Monday, 27 November 2006

Privacy & photos or videos of you

Just thought this Times article "Snap... privacy and 33.5m camera phones" from a couple of weeks ago was worth pointing out, for those concerned about privacy and how easy it is for people, especially with cameraphones, to take pictures or videos of you and share it with the world on the Net.

Not that the press would be willing to pay for photos or videos of me, anyway... but as I blog anonymously, I do want to keep pics of my face off the Net if identified with "Improbulus".

The article, by Christina Michalos, a London barrister who wrote The Law of Photography & Digital Images, says that "Broadly speaking, if a person takes a photograph of you in a public place there is no legal basis to prevent either the taking of the photograph or the publication of it. But this general principle is subject to some exceptions which are largely dependant upon what the subject of the photograph is doing or whether there is harassment by repeated photography".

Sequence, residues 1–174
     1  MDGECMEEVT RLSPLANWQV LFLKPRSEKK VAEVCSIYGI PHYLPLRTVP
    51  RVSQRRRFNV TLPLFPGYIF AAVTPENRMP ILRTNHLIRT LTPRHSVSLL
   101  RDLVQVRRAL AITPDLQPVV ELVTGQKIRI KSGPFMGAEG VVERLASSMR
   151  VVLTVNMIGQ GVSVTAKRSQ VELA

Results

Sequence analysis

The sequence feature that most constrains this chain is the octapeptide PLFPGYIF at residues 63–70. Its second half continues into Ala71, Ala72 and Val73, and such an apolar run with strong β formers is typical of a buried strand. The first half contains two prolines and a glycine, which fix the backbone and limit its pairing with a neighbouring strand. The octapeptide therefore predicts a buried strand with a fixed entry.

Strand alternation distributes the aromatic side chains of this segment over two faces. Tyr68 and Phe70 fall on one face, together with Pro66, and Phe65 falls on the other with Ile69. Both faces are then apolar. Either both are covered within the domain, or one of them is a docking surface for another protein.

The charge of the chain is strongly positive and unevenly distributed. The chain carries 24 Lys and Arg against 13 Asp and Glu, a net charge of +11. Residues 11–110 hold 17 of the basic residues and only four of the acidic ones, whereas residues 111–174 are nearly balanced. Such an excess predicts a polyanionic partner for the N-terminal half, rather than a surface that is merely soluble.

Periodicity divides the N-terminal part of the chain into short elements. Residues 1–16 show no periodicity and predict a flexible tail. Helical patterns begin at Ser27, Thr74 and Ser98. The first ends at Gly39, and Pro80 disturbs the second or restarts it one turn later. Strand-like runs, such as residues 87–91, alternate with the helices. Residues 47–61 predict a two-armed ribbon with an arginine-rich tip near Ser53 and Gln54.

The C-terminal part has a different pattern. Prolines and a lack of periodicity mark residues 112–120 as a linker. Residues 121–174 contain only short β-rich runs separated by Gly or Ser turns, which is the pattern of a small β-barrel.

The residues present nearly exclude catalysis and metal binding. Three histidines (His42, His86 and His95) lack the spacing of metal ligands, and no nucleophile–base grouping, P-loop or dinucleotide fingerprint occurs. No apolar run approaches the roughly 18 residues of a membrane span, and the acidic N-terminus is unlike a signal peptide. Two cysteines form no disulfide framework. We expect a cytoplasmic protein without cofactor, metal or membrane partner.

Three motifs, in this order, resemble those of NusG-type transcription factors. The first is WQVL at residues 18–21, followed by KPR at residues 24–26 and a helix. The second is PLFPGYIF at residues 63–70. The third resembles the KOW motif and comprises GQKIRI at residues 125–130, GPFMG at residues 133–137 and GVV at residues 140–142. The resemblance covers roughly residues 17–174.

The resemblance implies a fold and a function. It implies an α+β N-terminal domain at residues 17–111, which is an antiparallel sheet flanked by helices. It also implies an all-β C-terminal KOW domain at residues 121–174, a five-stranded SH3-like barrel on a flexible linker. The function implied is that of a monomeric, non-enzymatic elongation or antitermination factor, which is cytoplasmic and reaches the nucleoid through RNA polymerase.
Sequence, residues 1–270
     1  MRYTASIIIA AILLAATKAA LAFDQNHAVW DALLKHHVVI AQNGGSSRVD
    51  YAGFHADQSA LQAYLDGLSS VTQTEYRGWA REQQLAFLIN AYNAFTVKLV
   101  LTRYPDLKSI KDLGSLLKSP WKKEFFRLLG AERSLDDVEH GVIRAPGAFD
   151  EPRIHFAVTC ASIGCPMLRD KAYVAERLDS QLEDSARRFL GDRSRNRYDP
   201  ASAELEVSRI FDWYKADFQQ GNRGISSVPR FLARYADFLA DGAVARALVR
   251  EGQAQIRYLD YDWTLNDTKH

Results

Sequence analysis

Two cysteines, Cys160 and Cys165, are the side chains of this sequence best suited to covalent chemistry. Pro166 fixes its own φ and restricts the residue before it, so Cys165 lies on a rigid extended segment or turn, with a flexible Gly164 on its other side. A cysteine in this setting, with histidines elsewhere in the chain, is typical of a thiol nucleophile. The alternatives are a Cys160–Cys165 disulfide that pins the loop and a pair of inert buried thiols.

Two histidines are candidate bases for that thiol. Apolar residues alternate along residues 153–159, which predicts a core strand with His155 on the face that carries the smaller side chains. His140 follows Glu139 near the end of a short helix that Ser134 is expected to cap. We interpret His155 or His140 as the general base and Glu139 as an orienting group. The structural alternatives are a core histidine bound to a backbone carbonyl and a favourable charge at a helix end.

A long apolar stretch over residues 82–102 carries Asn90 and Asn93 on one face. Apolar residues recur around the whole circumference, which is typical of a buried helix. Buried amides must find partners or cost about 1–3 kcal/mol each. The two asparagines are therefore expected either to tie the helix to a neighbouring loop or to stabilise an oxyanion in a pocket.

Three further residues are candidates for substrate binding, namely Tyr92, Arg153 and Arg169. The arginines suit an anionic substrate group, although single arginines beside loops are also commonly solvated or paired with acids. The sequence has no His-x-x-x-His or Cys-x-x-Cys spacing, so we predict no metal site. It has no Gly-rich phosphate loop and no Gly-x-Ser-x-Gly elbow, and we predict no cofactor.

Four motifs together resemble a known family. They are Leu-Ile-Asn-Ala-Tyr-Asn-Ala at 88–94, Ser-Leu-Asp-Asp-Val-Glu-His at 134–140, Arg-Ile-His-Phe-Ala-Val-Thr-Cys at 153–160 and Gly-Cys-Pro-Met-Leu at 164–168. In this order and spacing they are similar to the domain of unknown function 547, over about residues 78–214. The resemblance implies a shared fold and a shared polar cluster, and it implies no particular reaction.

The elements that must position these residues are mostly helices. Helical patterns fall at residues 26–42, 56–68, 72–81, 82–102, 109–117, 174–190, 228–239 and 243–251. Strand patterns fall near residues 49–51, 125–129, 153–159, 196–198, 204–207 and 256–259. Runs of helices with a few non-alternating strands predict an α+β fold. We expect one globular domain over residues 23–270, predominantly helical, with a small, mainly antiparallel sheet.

It offers a few suggestions e.g. the Press Complaints Commission for people to try who want to protect their privacy, but data protection law doesn't seem to help here and basically it says that (in the UK at least) "as things stand, the citizen in the public street is fair game for the mobile phone photographer."

I guess we have been warned!


Teri said...

Hmmm, makes me want to check my hair and makeup twice before going out. And, in the future, I'll be re-thinking my auto-reflex to grab for jeans! I do not blog anonymously.

I just used a picture of an angry child that someone posted on Flickr and shared via Creative Commons. I gave proper credit, but as I posted the image, I was wondering how the little girl's parent would feel. I am pretty sure that the little girl hadn't been asked for her permission to be "famous" on my blog.

Improbulus said...

Well hopefully I'm just being a tad too cautious, Teri. But you never know...

Your story about the child's picture really highlights the issue. It's the photographer who owns the copyright in the photo, yes, and they can give permission to others to use it freely under a Creative Commons licence, but what about the little girl's privacy? Not an easy one.